, Volume 7, Issue 1, pp 17-26

Self-stabilizing extensions for meassage-passing systems

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A self-stabilizing program eventually resumes normal behavior even if excution begins in, an abnormal initial state. In this paper, we explore the possibility of extending an arbitrary program into a self-stabilizing one. Our contributions are: (1) a formal definition of the concept of one program being aself-stabilizing extension of another; (2) a characterization of what properties may hold in such extensions; (3) a demonstration of the possibility of mechanically creating such extensions. The computtional model used is that of an asynchronous distributed message-passing system whose communication topology is an arbitrary graph. We contrast the difficulties of self-stabilization in thismodel with those of themore common shared-memory models.

Shmuel Katz received his B.A. in Mathematics and Englisch Literature from U.C.L.A., and his M.Sc. and Ph.D. in Computer Science (1976) from the Weizmann Institute in Rechovot, Israel. From 1976 to 1981 he was a research at the IBM Israel Scientific Center. Presently, he is an Associate Professor in the Computer Science Department at the Technion in Haifa, Israel. In 1977–78 he visited for a year at the University of California, Berkeley, and in 1984–85 was at the University of Texas at Austin. He has been a consultant and vistor at the MCC Software Technology Program, and in 1988–89 was a visiting scientist at the IBM Watson Research Center. His research interests include the methodology of programming, specification methods, program verification and semantics, distributed programming, data structure, and programming languages.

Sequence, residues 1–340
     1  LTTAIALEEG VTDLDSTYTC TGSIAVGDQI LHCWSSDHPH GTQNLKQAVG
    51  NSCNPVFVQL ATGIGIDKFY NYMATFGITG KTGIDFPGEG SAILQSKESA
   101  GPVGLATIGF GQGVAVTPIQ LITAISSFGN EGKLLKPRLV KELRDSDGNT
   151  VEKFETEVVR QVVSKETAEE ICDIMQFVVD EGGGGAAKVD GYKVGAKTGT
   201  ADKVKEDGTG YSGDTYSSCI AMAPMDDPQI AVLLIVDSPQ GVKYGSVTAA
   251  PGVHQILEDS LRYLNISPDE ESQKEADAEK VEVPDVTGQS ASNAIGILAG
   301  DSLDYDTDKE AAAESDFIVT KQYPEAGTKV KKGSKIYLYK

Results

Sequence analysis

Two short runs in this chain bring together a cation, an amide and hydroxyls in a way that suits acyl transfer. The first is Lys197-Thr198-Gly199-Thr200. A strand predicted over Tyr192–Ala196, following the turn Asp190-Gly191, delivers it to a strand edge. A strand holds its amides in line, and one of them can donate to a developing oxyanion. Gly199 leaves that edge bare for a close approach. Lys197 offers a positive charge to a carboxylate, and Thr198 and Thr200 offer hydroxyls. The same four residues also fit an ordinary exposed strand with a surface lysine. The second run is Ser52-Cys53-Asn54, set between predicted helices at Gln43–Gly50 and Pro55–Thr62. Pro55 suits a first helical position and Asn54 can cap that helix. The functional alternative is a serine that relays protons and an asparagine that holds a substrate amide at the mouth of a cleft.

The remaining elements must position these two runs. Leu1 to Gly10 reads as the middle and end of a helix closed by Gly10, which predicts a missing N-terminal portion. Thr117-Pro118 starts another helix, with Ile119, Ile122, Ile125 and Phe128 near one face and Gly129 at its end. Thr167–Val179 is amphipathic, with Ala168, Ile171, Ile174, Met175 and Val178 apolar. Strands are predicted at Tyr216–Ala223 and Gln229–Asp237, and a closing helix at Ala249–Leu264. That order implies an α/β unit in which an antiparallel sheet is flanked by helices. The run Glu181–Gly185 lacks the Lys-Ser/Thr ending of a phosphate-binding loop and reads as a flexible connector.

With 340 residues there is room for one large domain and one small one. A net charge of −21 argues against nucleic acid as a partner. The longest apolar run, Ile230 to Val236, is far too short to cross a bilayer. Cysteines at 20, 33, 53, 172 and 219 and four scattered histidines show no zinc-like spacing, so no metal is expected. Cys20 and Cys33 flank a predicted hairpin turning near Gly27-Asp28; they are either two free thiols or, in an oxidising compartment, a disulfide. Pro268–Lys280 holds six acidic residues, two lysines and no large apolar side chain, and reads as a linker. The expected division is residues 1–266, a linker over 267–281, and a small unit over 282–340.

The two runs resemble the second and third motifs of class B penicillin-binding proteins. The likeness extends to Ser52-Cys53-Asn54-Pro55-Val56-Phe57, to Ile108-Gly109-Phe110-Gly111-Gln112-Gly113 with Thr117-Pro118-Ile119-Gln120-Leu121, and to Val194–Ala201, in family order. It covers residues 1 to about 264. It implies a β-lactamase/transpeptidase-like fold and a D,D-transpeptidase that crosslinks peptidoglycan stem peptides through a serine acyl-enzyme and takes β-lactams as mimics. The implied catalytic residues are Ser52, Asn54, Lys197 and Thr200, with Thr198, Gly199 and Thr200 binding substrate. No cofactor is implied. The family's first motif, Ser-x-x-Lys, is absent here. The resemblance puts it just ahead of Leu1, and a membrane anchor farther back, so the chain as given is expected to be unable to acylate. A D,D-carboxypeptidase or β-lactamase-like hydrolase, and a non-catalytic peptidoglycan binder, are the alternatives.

Kenneth J. Pery has performed research in the area of distributed computing since obtaining Masters and Doctorate degrees in Computer Science from Cornell Univesity. His current interest is in studying problems of a partical nature in a formal context. He was graduated from Princeton University in 1979 with a B.S.E. degree in Electrical Engineering and Computer Science.
The Research of this author was partially supported by Research Grant 120-749 and the Argentinian Research Fund at the Technion